Well, Shoot

I tried to be a vegetarian once. I reasoned that if I couldn’t kill an animal myself, then I had no business allowing someone else to do it. The problem was that I hated vegetables (still do). Without meat or leafy greens, my diet consisted of cheese pizza, beer, and boxes of glazed donuts, much like it had in college. But I’m not in college. I’m a grown-ass woman who knows better. I lasted four months. But it did force me to examine my views on hunting.

I grew up in Texas, surrounded by deer leases and guns. Over time, I heard every rationale for taking the life of an animal.

I hunt because I love animals.

My hunting license goes toward preserving wildlife.

We use every part of the animal. Nothing goes to waste.

It’s a tradition and bonding experience.

Hunting is a valuable outdoor skill.

I do it to fill my freezer and feed my family.

I go bow hunting to make it fair.

My hunting keeps the animal population in check to maintain sustainable habitat.

But in much of the Lower 48, what I heard (although valid) seemed more like excuses to defend a beloved sport. This doesn’t change the fact that I’m a coward. I might not have killed the bird on my plate at Thanksgiving dinner, but I am responsible for its death. The hypocrisy gnaws at me like my son devouring the last bits of a rasher of spareribs. Of course, it’s easier when the animals aren’t cute and cuddly or when they’re pre-packaged in plastic at Safeway. 

To assuage my guilt, I try to be a responsible consumer, purchasing pigs, chickens, turkeys, and adult cows that have (according to the label) enjoyed free range, cage free, grass-fed, antibiotic- and hormone-free lives before ending up on my grill. I like to picture smiling animals, frolicking. Still, it’s not enough. No animal wants its life taken, even if it was born and bred for that purpose (or has pink hairy skin like an old man’s head or a red waddle dangling and swaying like your old aunt Selma’s bosoms). I realize other folks don’t struggle with this issue, but I needed to delve deeper into my psyche for answers.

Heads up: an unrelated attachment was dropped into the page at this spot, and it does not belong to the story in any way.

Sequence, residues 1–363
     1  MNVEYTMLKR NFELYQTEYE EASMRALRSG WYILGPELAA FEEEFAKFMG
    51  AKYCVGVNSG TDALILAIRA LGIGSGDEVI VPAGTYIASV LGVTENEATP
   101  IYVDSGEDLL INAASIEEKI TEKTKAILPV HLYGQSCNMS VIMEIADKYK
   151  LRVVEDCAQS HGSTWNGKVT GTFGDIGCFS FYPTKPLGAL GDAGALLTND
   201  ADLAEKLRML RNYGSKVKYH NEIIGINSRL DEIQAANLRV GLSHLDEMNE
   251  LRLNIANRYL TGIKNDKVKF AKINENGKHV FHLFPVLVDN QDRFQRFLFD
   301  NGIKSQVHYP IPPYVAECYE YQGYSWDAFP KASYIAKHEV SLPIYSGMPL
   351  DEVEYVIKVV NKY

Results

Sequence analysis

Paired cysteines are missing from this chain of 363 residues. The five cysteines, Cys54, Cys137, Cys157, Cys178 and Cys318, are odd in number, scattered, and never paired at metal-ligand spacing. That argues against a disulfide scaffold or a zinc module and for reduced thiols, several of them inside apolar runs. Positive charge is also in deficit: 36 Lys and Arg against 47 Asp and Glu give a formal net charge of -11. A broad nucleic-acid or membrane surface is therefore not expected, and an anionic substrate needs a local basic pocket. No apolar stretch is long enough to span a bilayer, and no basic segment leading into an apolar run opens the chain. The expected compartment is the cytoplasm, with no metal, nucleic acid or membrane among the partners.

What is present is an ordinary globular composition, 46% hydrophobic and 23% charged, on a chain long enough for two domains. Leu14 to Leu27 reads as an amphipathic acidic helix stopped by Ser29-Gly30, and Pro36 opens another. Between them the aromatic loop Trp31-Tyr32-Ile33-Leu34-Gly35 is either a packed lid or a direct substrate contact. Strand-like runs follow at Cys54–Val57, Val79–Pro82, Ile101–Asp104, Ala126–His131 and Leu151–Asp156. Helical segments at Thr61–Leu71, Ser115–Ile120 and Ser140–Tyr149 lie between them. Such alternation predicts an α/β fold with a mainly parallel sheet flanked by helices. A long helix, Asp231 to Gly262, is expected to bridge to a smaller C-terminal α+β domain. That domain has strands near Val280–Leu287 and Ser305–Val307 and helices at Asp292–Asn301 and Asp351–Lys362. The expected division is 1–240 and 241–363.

A wary Sitka blacktail deer hides within the brush on Kodiak Island.

When I did, I found that my issue was less about hunting and more about intention. And at the end of the day, Alaskans helped me redefine my thoughts about killing and eating animals. I’ve been making a moral judgement: killing should never be fun, done for sport, or bragged about with the head of an elk dangling above the mantle. “Isn’t he stunning,” a hunter might say. Yes, but I might respond, “Well, so is your wife, but I hope she’s alive and well and that you simply carry a photo of her with you.” For this reason, I’ve been hard on hunters. Yet, regardless of the hunter’s celebratory attitude about bagging a 10-point buck, a clean shot from a rifle might be more merciful than some of the barbaric and inhumane practices at many slaughterhouses. Does it matter if the hunter has a good time? Maybe. Attitude is everything, as they say.

Most trophy hunters I know weren’t born and raised in Alaska. Alaska is one of the few places where sorrow and respect for the death of an animal still seem to weigh heavy on the hunter, and the joy of the kill comes from knowing that the harvested animal will supplement winter rations in a place where few cows or chickens are raised for meat, fish aren’t farmed, and the cost of groceries shipped to a remote store remain prohibitive. It’s not about the animal looking good on the wall. A beautiful animal is the one that can be used for sausage and burgers and steaks and stews for the next six months, regardless of the size of its antlers or the sheen of its pelt.  

What I’ve come to realize is that I’m not against hunting. How could I be? But I am in favor of mindfulness of taking the life of any creature, regardless of the end use, or how many steps removed we are from witnessing its end.    

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